Undeclared Majors


Similar to going on vacation, choosing a major takes careful planning, research, and thought before a decision can be made.  Here are some tools to use, and steps to get you started on your Undeclared Major itinerary:

1.Assess: Take the Personality Mosaic Assessment to find your preferences and learn more about your personality. Traitify is the Expedia of Major and Career Searching! Traitify is an online interactive visual tool that assesses your interests, personality, skills and values and generates ideas about different career paths based on your results. Use this assessment information to gain awareness of your interests and gather information on where to start your exploration!

2.Research:There are many majors that may match your interests.  Talk to friends, House Advisors, upper classmen, etc. Refer to the UCSD Majors based on Personality Traitsand check out all the,major options available at UCSDnoting the Capped Majors, and Alternate Majors you could consider.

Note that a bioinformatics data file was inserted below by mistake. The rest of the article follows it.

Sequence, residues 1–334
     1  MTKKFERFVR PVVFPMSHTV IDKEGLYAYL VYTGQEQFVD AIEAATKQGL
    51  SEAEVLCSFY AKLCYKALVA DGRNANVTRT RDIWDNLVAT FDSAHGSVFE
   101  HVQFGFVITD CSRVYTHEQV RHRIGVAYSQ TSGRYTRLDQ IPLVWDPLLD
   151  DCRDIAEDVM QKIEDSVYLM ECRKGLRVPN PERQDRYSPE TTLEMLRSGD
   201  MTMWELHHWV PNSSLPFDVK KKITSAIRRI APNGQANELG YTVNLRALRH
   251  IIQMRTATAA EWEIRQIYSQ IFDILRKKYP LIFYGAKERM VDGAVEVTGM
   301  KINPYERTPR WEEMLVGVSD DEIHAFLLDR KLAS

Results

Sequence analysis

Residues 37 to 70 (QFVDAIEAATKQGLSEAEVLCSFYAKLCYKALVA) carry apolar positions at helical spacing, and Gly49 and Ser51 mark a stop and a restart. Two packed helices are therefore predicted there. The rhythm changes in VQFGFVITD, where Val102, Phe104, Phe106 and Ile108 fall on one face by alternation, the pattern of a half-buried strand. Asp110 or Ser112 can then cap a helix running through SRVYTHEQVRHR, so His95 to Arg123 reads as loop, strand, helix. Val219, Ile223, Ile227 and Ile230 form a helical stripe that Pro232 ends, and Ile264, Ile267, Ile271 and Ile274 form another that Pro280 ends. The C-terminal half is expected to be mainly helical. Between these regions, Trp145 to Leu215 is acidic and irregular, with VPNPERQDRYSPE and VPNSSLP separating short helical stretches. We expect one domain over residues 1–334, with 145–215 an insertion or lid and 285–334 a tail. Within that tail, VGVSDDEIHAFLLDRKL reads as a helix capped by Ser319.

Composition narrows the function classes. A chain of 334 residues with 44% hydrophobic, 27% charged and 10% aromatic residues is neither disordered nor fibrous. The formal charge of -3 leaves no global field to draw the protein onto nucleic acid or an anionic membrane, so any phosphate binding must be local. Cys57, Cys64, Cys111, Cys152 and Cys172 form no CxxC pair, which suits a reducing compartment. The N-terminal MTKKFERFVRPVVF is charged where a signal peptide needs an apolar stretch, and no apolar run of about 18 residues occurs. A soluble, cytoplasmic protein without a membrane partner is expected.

1. TIP: Try to identify 5 majors you might be interested in. Start from there.
    2. Not sure how to strike a conversation? Learn how to do an Informational Interview.
3.Plan:  Use the following resources to learn more about your possible majors: 

4.Declare (or Change):  Use the Major/Minor Tool located in the TritonLink Tools menu.
5.Career Options:  Learn about some of the Major-related occupations that others have pursued but beware of the myths about careers!  

What do Muir Students say?












“Major in what you spend most of your day thinking about and in the field you are the most motivated to work hard in and strive to innovate.”

– Nicolette Valicenti,
Interdisciplinary Computing in the Arts: Music

Jasmine Tsai

 “ Use your general education requirements to check out courses that you are interested in-- even if you are only a TINY bit interested in it, just try it out. This way, you know if you like something or not. Don't worry about others around you who seem to have it all together. Everyone changes their mind about their future, so don't feel alone if you feel lost.” 

– Jasmine Tsai,
Biochemistry & Cell Biology major

Diana Nguyen 

“When I was deciding my major, I tried to think about what I wanted in the long term. Did I want to build something? Did I want to talk to people? Did I want to travel? I knew I wanted to end up with a job that allowed me to do meaningful, service oriented work.” 

– Diana Nguyen,
Political Science-International Relations major

Amanda Dieterle 

“Talking to my parents and visiting the website for the majors was most helpful to me in deciding on a major. I looked at all of the requirements for the majors I was interested in and then made my decision from there

Amanda Dieterle,
Psychology major